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Cns Malignancy Notes

Medicine Notes > Oncology Notes

This is an extract of our Cns Malignancy document, which we sell as part of our Oncology Notes collection written by the top tier of University Of Leicester students.

The following is a more accessble plain text extract of the PDF sample above, taken from our Oncology Notes. Due to the challenges of extracting text from PDFs, it will have odd formatting:

CNS Malignancy Primary Brain Tumours

Relatively rare - 4500 cases per year in UK

- 2 peaks of incidence o Childhood o Late middle age (>50 years) Aetiology
- Most sporadic with no proven risk factors
- Li-Fraumeni and Turcot's syndromes = increased risk
- AIDS - increased risk of CNS lymphoma
- Radiation - increased risk of glioma and meningioma (proven on follow up from children who received treatment for ALL) Pathology WHO classification is the most commonly used system for categorizing brain tumours
- Incorporates histological type and grade (histological grades 1-4) Types
- 'Gliomas' o Most common o E.g astrocytoma, oligodendrocytoma - derived from glial cells in brain parenchyma o Glioblastoma multiforme (grade 4) and anaplastic astrocytoma (grade 3) = high grade gliomas. o Vary hugely Clinical features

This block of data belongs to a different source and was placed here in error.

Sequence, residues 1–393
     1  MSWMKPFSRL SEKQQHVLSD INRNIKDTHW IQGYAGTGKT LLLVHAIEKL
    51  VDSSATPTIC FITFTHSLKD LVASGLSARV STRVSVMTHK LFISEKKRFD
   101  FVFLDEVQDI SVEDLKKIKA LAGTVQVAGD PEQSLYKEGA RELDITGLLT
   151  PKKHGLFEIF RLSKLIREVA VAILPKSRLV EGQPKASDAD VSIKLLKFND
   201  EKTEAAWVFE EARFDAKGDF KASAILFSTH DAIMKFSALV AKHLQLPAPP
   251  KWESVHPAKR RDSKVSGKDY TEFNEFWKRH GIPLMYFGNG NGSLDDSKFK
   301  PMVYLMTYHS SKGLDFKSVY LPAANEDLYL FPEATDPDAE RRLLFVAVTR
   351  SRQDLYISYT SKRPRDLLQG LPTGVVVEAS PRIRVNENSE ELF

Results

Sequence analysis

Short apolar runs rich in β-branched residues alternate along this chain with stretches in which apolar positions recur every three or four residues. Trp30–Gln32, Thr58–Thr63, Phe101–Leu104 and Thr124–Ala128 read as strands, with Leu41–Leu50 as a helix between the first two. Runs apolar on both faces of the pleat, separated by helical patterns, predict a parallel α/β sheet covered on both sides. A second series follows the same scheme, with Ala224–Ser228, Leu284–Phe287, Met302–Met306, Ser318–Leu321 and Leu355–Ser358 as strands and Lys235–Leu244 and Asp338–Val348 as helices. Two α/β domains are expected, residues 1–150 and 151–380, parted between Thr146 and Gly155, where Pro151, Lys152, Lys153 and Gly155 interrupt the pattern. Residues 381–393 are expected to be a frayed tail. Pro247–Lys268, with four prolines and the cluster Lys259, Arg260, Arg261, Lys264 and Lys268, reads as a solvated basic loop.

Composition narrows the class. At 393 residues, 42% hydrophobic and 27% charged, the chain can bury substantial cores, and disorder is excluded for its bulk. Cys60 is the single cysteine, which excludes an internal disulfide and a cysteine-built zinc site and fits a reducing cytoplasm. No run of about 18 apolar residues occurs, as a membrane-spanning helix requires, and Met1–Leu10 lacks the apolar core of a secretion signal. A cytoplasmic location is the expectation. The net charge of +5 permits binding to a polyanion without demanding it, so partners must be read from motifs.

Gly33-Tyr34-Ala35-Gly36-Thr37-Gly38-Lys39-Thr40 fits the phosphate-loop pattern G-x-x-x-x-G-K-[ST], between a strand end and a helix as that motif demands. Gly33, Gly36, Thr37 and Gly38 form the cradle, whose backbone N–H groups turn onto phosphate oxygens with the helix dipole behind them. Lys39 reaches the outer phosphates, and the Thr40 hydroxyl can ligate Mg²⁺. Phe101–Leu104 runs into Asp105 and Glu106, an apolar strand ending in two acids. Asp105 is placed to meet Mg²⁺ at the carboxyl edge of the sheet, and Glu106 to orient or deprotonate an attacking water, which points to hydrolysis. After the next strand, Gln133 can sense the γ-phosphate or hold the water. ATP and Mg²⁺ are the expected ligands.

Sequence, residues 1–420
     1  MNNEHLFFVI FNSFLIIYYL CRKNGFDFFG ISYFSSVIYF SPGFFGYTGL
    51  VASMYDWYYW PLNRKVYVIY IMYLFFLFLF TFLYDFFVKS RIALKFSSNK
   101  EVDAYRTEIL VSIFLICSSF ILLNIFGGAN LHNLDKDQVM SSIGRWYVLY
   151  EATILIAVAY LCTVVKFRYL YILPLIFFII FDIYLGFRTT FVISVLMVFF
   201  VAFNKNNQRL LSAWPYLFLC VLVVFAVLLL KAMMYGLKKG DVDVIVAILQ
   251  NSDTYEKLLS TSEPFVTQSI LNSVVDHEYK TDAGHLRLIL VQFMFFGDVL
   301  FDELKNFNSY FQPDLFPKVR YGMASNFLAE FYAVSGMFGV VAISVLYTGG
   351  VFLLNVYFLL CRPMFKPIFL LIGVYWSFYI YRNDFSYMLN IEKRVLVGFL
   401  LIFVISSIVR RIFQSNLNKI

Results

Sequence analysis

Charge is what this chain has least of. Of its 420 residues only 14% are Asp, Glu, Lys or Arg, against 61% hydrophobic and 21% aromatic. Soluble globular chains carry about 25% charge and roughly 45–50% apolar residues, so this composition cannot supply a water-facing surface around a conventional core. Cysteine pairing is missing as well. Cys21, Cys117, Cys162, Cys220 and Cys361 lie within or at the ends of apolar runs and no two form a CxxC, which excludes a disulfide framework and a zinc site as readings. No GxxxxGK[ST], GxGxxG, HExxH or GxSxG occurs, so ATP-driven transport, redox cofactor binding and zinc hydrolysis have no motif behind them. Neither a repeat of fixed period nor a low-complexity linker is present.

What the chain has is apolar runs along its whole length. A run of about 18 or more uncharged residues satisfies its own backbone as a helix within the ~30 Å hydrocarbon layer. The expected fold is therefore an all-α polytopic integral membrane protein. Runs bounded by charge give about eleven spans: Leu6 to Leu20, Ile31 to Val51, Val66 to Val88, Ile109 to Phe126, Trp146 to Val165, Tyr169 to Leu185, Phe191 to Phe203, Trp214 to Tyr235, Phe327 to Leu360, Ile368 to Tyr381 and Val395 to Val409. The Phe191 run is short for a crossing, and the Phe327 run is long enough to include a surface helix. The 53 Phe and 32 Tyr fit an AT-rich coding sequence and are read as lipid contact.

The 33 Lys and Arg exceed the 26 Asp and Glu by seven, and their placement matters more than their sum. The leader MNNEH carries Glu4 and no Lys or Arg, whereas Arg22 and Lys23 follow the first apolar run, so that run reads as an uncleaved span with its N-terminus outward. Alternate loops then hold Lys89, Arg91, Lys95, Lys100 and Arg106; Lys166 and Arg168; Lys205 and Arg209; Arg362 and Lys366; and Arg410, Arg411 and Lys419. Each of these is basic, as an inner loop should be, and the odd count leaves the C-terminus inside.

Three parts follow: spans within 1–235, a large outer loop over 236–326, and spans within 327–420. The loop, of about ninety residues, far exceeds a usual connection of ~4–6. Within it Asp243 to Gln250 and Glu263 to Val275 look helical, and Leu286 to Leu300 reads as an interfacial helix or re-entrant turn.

- Huge variation o Depends on location of the tumour and associated oedema
- Most present due to features of raised intracranial pressure or loss of neurological function
- Common symptoms include Rapid deterioration o Headache (worse in the morning) is indicative of a o Epilepsy high grade lesion o Disturbance of cognition, speech or motor function o Clouding of consciousness o Visual disturbances Location Frontal lobe Parietal lobe Occipital lobe Temporal lobe

Signs Personality change, anosmia, leg weakness, incontinence, apraxia Dysphasia, Gerstman's syndrome (occurs when tumour is in dominant parietal lobe - left/right disorientation) Homonymous hemianopia Dysphasia, memory loss

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